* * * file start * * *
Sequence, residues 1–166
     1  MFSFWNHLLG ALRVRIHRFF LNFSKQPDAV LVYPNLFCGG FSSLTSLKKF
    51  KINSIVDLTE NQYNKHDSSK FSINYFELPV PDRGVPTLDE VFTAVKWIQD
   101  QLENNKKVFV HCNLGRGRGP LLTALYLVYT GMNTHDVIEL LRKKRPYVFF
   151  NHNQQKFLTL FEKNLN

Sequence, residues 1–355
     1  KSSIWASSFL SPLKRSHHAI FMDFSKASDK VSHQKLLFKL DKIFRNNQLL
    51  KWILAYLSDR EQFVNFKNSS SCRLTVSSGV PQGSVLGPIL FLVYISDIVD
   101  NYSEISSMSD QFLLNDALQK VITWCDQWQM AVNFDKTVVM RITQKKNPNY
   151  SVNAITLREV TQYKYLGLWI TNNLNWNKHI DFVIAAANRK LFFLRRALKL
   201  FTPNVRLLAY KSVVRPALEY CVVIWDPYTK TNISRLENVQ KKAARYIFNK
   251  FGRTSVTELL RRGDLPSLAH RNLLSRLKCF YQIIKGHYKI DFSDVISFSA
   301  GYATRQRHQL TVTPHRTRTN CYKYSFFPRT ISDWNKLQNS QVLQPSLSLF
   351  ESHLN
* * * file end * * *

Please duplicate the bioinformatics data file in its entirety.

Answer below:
Sequence, residues 1–166
     1  MFSFWNHLLG ALRVRIHRFF LNFSKQPDAV LVYPNLFCGG FSSLTSLKKF
    51  KINSIVDLTE NQYNKHDSSK FSINYFELPV PDRGVPTLDE VFTAVKWIQD
   101  QLENNKKVFV HCNLGRGRGP LLTALYLVYT GMNTHDVIEL LRKKRPYVFF
   151  NHNQQKFLTL FEKNLN

Sequence, residues 1–355
     1  KSSIWASSFL SPLKRSHHAI FMDFSKASDK VSHQKLLFKL DKIFRNNQLL
    51  KWILAYLSDR EQFVNFKNSS SCRLTVSSGV PQGSVLGPIL FLVYISDIVD
   101  NYSEISSMSD QFLLNDALQK VITWCDQWQM AVNFDKTVVM RITQKKNPNY
   151  SVNAITLREV TQYKYLGLWI TNNLNWNKHI DFVIAAANRK LFFLRRALKL
   201  FTPNVRLLAY KSVVRPALEY CVVIWDPYTK TNISRLENVQ KKAARYIFNK
   251  FGRTSVTELL RRGDLPSLAH RNLLSRLKCF YQIIKGHYKI DFSDVISFSA
   301  GYATRQRHQL TVTPHRTRTN CYKYSFFPRT ISDWNKLQNS QVLQPSLSLF
   351  ESHLN